Sigrid Van den Stock
Bira Project Manager
I am excited to report on the first quarterly report as project manager of our Bira project.
After a six-week break in December and January, Me (program manager), Lauren Sparks (founding director), and Qintan Azzahra (marine biologist) flew out from Bali to Sulawesi. I was very excited to make the journey back to Bira for a few months as an interim program manager until our new manager and coordinator, Ben and Jess, arrive. Having worked in Bira before as a dive instructor, I can confidently say that this is some of the most beautiful and fantastic diving I have done in my life.
Bring on the sharks and rays!
After a few days of preparation, we welcomed our first interns of the year: Jack Telford (UK), Desi Peters (Netherlands), Navindra Pradeesh (India), Heather Green (UK) and Isobel Holmes (UK). They were soon followed by Briony Venn (UK) who completed our family for the next few months.
We started off with a relaxed week of program introduction, refreshing our dive skills, visiting the coral nursery at our house reef as well as going for fun dives, and doing the dive courses needed before the start of the DM program. Once everyone had settled in, holiday mode was soon switched off and we had a science-filled week with species-ID workshops and exams, a BRUV workshop, and citizen science workshop. Knowledge was flying around this place like the dogs chasing after the monkeys.
In the 6 weeks we have reopened, we have been getting down to business with in-water and dry workshops. Everyone conquered the science of diving workshop, knots, search and recovery workshop, skills circuits, and stamina test already. In just a few weeks’ time, we will be celebrating our first graduates of the year! Time flies in Bira, just like the currents 😉
We have had guest appearances of Rinaldi Gotama (Penida’s marine biologist and projects data analyst) to lend a helping hand with coral and mangrove ecology workshops. He also introduced the new benthic survey methodology to the team which has been continued since his absence. Serena Stean (Program Director) also came to Bira to inspire and excite our interns with all her knowledge on sharks, mola, manta, nudibranchs and turtles during our ecology specialties.
We have just reopened but I am happy to report the sightings of many whitetip and blacktip reef sharks, chevron barracudas and a great barracuda, a spotted eagle ray, marble rays and green- and hawksbill turtles.
Read further to get a more in-depth update on the science side from Qinthan, our marine biologist superstar.
Program Coordinator and Marine Biologist
Hi, my conservation fellows!
I am Qinthan Azzahra Aulia. I was a Research Assistant at Bira last year, and this year I was promoted to becoming the Program Coordinator and Marine Biologist, so now it’s my turn to contribute to the project quarterly report. I have been in Bira for almost a year and I am truly in love with this place. The diving is incredible and full of surprises.
Bira diving has trained me to become a strong and better diver every day. I love my job because it is not only about marine ecosystems but also connecting with the local community. Having their support is essential in the work we do here and my job feels extra special knowing we are the bridge between the local people and conservation.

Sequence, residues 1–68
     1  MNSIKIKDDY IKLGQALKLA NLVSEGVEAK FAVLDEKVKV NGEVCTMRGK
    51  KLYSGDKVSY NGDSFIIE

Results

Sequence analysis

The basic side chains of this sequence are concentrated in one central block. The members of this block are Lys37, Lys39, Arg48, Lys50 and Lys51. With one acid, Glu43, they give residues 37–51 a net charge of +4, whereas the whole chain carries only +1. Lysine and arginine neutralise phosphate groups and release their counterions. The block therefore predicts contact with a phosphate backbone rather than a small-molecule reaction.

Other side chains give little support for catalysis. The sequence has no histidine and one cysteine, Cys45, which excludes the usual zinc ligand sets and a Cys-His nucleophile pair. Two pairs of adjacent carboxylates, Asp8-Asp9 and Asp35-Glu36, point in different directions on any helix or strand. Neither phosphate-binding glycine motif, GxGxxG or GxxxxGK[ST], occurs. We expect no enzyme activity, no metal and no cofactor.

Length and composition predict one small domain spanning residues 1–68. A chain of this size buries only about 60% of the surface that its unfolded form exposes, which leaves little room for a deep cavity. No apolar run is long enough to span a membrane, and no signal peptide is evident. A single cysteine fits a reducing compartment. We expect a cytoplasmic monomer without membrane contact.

Find out what we have been up to so far this year as you read on!
Data and Science
This year we have a very diverse and colorful background of interns. We believe that everyone can get involved in science and conservation, no matter the background they come from.
Fish Identification is one of the first task the interns need to complete the take an active role in our research activities. An online pre-arrival training course will be sent 6 weeks prior to their start date. As some of our current interns only have experience diving in cold European lakes, most of them are so amazed by the biodiversity in Bira’s dive sites.
Once the interns pass their Fish ID test, they are ready to take part in our roving surveys. This activity requires focus as while they get mesmerized by sharks, they is a change of forgetting to include the key species on the survey slate. Seeing a lot of fish species in one survey keeps us busy underwater. So far, the Bira team has done 2 roving surveys in February and 8 roving surveys in March.
BRUV stands for Baited Remote Underwater Video. Our goal is to see what is out there when there are no divers around. Dropping BRUV is never as easy as it looks and it involves a lot of teamwork, organization and communication. Every person on the team has their own specific responsibility underwater, from cameraman to managing the frame placement and ocean water sample collection. During BRUV deployments and retrievals we can run into some challenges, such as moderate horizontal current, down current, limited visibility, etc. Working in these conditions makes us better divers and shows us that we should have respect for the ocean. Recently IOP Bira team has done 2 BRUV drops in February and 3 BRUV drops in March. When we watched the results from our video, many exciting appearances were made such as school of bigeye barracuda (Sphyraena forsteri), green sea turtle (Chelonia mydas) and many more!